It goes to show that reading about autism, or having an autistic child just isn’t enough to give you insight into living with the condition. It is one thing to say you let your child stim because it makes them happy despite people staring or telling you they shouldn’t be allowed to do it. It is something completely different to stand there and stim and feel that release and that positive feedback just by doing something like shaking your hands/flapping. All the times I have denied myself the opportunity to regulate by stimming seems stupid now.

I think it also has to be said that myself and Dinky are very different. We may both have a diagnosis of ASD, but actually we are poles apart in a lot of things. We share core difficulties, but our reactions and our levels of challenge are, like I said, very different.

For example-Dinky loves spending time with other people, she loves it, she struggles with the social rules, with needing to take control and with other social communication and interaction issues, but she still gets stuck in there wanting to play. Even at her age I was mostly alone, I didn’t really socialise. Now, well, I was talking to my therapist about this earlier- I thought my social isolation was purely because I knew I didn’t like being around people- trust issues.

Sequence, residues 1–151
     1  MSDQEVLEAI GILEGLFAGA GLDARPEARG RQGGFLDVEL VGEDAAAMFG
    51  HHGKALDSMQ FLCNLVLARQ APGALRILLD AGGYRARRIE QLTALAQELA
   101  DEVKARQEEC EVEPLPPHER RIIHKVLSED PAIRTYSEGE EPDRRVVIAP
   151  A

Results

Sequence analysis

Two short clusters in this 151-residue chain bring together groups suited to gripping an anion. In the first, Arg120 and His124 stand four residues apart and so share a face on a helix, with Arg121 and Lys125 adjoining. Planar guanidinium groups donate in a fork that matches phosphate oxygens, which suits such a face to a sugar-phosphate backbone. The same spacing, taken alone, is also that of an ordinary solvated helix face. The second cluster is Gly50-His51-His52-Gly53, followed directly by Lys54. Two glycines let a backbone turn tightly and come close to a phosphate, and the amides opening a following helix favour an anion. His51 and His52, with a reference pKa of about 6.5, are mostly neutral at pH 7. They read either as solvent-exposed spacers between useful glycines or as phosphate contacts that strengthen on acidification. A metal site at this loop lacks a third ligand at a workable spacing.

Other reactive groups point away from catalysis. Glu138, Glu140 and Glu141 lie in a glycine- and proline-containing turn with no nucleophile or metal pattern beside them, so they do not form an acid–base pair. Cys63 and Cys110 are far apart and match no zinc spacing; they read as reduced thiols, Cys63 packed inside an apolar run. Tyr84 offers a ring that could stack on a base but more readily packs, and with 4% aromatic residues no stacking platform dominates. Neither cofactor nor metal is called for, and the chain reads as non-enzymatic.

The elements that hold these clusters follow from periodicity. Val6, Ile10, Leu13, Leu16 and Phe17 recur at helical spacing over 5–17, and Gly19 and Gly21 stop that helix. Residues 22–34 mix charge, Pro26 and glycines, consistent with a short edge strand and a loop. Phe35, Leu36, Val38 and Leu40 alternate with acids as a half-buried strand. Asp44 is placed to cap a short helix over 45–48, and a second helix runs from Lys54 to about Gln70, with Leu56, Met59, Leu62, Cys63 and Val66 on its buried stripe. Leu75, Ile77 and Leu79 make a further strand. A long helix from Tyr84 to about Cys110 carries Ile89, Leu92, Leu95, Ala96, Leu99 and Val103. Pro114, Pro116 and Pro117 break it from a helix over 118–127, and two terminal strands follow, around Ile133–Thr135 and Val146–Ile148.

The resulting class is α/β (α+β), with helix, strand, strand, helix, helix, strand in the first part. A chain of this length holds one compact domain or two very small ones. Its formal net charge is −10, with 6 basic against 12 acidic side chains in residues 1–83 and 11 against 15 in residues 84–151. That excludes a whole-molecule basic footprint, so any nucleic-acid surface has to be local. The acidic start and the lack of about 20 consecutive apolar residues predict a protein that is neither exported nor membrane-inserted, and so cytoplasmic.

Thinking on it more,  Yes, it is easy to put social isolation down to trust issues. However since I have started pushing myself to be more involved with the parent carer forum and helping parents who are in the position I was in, I have come to realise trust isn’t actually the issue.

The issue is my feelings of inadequacy due to struggling where all these people feel at home, knowing some people see me as odd, feeling uncomfortable when people try to force eye contact by twisting themselves and positioning themselves to get me to look at them and the getting frustrated with people’s small talk… like discussing the weather… I have spoken about this before to both the person that assessed me and my therapist today…

Both myself and the other person have obviously met at the place we are in, which means we both left our houses and unless we went in a blacked out bubble, we are both unlikely to have missed the weather, I know it is bloody raining.. I have put my window wipers on to see the road properly, plus we live in the UK, the weather is normally crap… so why do people feel the need to talk about it? And people call me odd!

Sorry to break it to you NT’s but you are also strange, you just don’t know it. Its like being part of a football team, wearing lime green shorts and long socks would be weird by itself but it doesn’t seem strange on a team where you are all dressed the same… you all have a fixation with the weather, it doesn’t seem odd to you because you all do it, but to me it is odd because it seems irrelevant, and I have to remember it is not an insult to my observation skills. Only when it is pointed out like this do some NT’s realise how bizarre it is.